If you frequently find yourself in the produce aisle, that’s great. It means you’re stocking your kitchen with natural, whole foods that provide you with antioxidants, vitamins, and the nutrients your body needs to stay productive throughout the day. But there are a few common mistakes that could be preventing you from reaping the full nutritional benefits of your fruits and veggies. As a produce shopper, you’ve probably gotten a first-hand look at some of the rotting produce that can be found in grocery stores — a clear sign that some is better than others. So, how do you ensure you’re getting the ripest, freshest, and most nutrient-rich fruits and veggies? Take a look at these three common produce mistakes you should try to avoid.
1. You only buy produce once a week
While our busy lifestyles don’t allot for a ton of time to make frequent trips to grocery stores, making multiple produce trips throughout the week is something you should make time to do. Fresher produce is more nutrient-rich. Every day your fruits and veggies sit in your fridge is another day where they’re losing some of their nutrients. Women’s Health writes that you should shop for fruits and veggies as close to when you plan to eat them as possible, which may cause you to make a few extra trips to the store. Your taste buds will thank you, though! Take a look at the benefits: Your food will taste better, you won’t have to throw away rotting produce (it’s a money saver), and your body will absorb more vitamins and antioxidants when it’s eating a constant supply of fresh, nutrient-rich produce.
If you just don’t have the time to get to the store more than once a week, buy fresh produce that you’ll be sure to eat over the first few days. To ensure you continue eating your fruits and veggies after your fresh supply has run out, ABC News suggests purchasing frozen fruits and vegetables; it’s a great way to get antioxidants and nutrients, since most produce is frozen shortly after it’s harvested. Studies have shown that frozen produce is just as nutrient-rich. According to ABC News, scientists from Leatherhead Food Research and University of Chester carried out 40 tests to determine nutrient levels in produce that had been sitting in a fridge for three days compared to frozen produce. Their research actually found frozen samples had more beneficial nutrients overall. In two out of three cases, frozen produce packed higher levels of antioxidants, including polyphenols, anthocyanins, lutein, and beta-carotene.
2. You opt for convenience
Do you typically head toward the part of the produce section that has fruit that’s already been cut and packaged? While it’s a quick and easy way to get fruit (and better than nothing), it doesn’t have as many nutrients as fresh, whole produce. “Plus, produce’s skin, rind, whatever, is there for a reason: It protects the plant from deteriorating,” per Women’s Health.
It’s not a small amount of nutrients that’s lost, either. According to About, fruits that are cut and stored in the refrigerator lose anywhere from 10 to 25 percent of vitamin C and carotenoids in about five or six days. Cut vegetables are able to retain their vitamin C content a little longer than fruit; cut or peeled veggies lose about half of their vitamin C content in one to two weeks. If you’re going to buy pre-sliced fruit, try to get it eaten within two to three days to ensure you’re not missing out on too many vitamins.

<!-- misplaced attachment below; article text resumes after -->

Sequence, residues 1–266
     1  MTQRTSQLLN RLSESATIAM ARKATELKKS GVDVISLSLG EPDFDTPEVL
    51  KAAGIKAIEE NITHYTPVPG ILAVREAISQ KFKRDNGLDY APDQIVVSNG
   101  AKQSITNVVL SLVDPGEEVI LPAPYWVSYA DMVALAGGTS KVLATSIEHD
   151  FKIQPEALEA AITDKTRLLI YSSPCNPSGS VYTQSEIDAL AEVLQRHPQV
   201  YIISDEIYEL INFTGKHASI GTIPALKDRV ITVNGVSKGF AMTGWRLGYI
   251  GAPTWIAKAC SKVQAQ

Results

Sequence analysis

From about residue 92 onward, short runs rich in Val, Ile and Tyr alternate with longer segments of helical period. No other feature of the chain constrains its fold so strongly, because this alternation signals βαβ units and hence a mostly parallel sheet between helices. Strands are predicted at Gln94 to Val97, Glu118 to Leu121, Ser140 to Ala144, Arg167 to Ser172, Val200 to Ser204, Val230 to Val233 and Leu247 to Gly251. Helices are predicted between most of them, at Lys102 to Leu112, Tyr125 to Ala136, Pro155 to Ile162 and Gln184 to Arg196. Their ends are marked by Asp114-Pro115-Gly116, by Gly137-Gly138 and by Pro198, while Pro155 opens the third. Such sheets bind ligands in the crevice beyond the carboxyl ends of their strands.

3. You assume the produce you’re buying is ripe
Many of us are just rolling the dice when we pick out our fruits and veggies. We select some that look like they’re in decent shape, hoping they’ll taste good when we bite into them later. But you can take a lot of the guesswork out of it. Take a look at these Fine Cooking tips to ensure you don’t ever pick the wrong produce again.
- Take a look at the color. With some fruits, such as bananas and apples, color is a great indicator of how ripe a fruit is. As the acidity of the fruit changes, the green chlorophyll breaks down, revealing the bright colors underneath the green chlorophyll layer. Berries that have bluish-red tones have deeper, more intense reds when they ripen. Apply the color change rule to bananas, apples, tomatoes, red berries, and cherries.
- Smell the produce. If you can’t tell by its color, give the produce you’re holding a whiff. There are chemical changes that occur in ripening fruits that cause the produce to smell really good. Sniff the end of the fruit that is opposite the stem and only purchase the fruit if it has a fruity aroma.
- Feel the fruit. A gentle squeeze is a good way to test for ripeness. If you’re feeling a fruit that is really hard, it probably isn’t ripe yet. This is a great test for stone fruit, pears, kiwis and avocado.
- Get a sense of how heavy it is. Surprisingly, produce’s weight is a good indicator of whether it’s ripe. If a fruit is described as heavy for its size, it’s a good thing; it means it’s fully mature. So if you’re holding an unusually heavy tomato or grapefruit, by all means, buy it!
Added tip: If you purchase fruit, get it home, and realize it may not be as ripe as you had hoped, here’s a trick. Note: This doesn’t work for all fruits. It’s typically best for apples, pears, mangoes, kiwis, and avocado, according to the Huffington Post. Place the produce in a paper bag, seal it up, and check on it after a few days. If you want to try and speed up the process even more, add an apple or a banana to your paper bag. These fruits — bananas especially — give off more ethylene than others, which will help ripen (or at least soften) any other produce that’s nearby.